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Software Standards and Their Impact in Reducing Software Failures

Submission Deadline: 15 November 2017

Submission Deadline: 15 November 2017

IEEE Access invites manuscript submissions in the area of Software Standards and Their Impact in Reducing Software Failures.

The need to develop software, for diverse reasons, is growing every passing day; therefore, the emphasis on the maturity of the software process is increasing. A maturity model is seen as a set of structured levels, which accurately describe the behaviours, practices and processes of an organization which can reliably and sustainably produce the required outcomes. The maturity process is observed by technological measures that can ensure that the software is properly documented, adequately developed and tested, and rationally deployed in such a way that the process is completed successfully. Several standards exist, including IEEE Standards and SEI’s Capability Maturity Model (CMM) and Capability Maturity Model Integration (CMMI) for software process maturity assessment and risk management. These models use a multi-level scale to measure the maturity of the process.

The outcome of the maturity process should be a more efficient and successful delivery of completed software and a reduction in failed projects. Unfortunately, this is not what the software success/failure statistics reveal. Standish group, for example, has reported that, despite the improvements in software process maturity, only 30% of projects are completed successfully, while 50%face challenges and the remaining 20% are absolute failures. Such a big proportion of failures damages the firm reputation and harms future business, which in return may damage the investments and the job market may squeeze accordingly. It is therefore important to identify why improvements in the software development process are not showing considerable results. It is also important to identify the limitations and challenges that hinder the deployment of innovative standards and norms for developing quality software.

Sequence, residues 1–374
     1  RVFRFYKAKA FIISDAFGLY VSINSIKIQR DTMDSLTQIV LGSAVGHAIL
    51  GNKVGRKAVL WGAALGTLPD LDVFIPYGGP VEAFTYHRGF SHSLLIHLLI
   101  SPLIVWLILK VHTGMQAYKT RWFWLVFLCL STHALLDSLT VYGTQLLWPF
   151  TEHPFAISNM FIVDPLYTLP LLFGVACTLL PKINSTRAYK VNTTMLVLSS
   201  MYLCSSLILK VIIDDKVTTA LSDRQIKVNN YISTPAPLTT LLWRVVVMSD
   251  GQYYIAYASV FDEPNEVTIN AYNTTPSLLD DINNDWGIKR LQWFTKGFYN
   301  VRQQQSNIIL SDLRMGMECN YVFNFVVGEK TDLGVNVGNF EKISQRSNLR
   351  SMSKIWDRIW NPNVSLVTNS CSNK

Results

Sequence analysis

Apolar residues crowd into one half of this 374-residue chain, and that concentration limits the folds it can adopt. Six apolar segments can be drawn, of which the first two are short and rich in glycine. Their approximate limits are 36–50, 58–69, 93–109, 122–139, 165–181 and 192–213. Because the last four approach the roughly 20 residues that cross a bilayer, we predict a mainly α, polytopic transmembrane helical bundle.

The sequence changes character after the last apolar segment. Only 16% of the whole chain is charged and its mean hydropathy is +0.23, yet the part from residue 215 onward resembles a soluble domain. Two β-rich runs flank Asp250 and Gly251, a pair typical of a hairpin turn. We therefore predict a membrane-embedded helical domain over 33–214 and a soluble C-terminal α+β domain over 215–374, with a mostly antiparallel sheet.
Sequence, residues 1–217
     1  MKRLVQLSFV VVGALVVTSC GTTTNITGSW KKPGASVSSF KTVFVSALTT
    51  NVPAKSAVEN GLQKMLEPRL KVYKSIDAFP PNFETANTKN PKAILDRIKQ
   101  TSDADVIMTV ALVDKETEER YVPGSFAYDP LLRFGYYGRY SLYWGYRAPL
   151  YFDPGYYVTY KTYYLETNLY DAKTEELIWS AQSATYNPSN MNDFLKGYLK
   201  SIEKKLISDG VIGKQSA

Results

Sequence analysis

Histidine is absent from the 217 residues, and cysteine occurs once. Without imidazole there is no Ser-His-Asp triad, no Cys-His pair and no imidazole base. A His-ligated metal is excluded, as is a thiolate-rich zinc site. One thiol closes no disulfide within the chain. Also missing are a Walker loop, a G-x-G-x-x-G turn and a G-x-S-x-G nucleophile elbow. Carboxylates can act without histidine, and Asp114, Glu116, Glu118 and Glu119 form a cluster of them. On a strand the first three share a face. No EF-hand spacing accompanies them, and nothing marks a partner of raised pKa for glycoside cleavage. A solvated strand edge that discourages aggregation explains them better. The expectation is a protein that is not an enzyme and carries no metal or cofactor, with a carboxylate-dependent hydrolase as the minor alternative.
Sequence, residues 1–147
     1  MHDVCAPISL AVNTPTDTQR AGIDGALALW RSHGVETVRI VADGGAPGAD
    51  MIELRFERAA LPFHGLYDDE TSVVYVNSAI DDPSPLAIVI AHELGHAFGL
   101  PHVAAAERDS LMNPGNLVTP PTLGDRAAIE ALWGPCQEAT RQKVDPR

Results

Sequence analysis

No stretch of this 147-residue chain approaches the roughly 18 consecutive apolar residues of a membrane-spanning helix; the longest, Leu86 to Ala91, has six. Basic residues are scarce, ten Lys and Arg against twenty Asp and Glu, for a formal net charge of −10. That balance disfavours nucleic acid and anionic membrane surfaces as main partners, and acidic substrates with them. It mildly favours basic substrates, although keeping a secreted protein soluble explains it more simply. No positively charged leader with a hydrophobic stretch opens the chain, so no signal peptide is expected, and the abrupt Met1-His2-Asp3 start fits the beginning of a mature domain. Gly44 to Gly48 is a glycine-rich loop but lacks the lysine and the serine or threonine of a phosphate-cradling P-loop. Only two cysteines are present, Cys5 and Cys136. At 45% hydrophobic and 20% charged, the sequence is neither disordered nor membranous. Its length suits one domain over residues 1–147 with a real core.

This Special Section in IEEE Access aims to identify original contributions that help us identifying and reducing software failures by addressing the development activities or by addressing the software process as a whole. The areas of interest include, but are not limited to the following:

  • Impact of deviation from software standards
  • Challenges in agile software development
  • Critique on agile software development paradigm
  • Challenges in achieving and adopting higher CMM/CMMI levels
  • Software sizing and effort estimation
  • Social media as an influencer in software requirement engineering
  • Software risk management and quality assurance
  • Software testing guidelines for large scale projects
  • Organizational, Operation, and Project Management
  • Innovative software engineering standards
  • Software engineering in social sciences
  • Software standards for mobile applications
  • Crowdsourcing standards and challenges
  • Projects management for large scale and very large scale software projects

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Associate Editor: Basit Shahzad, King Saud University, Saudi Arabia

Guest Editors:

  1. Hany Ammar, West Virginia University, USA
  2. Naveed Ikram, Riphah International University, Pakistan
  3. Ali Shariq Imran, NTNU, Norway
  4. Zohaib Zafar Iqbal, National University of Computer and Emerging Sciences, Pakistan
  5. Denis Ávila Montini, Researcher Institute Technological of Aeronautics (ITA), Brazil

 

Related IEEE Access Special Sections:

  1. Emerging Trends, Issues, and Challenges in Energy-Efficient Cloud Computing
  2. Security and Privacy in Applications and Services for Future Internet of Things

 

IEEE Access Editor-in-Chief: Michael Pecht, Professor and Director, CALCE, University of Maryland

Paper submission: Contact Associate Editor and submit manuscript to:
http://mc.manuscriptcentral.com/ieee-access

For inquiries regarding this Special Section, please contact: Bora M. Onat, Managing Editor, IEEE Access (Phone: (732) 562-6036, specialsections@ieee.org)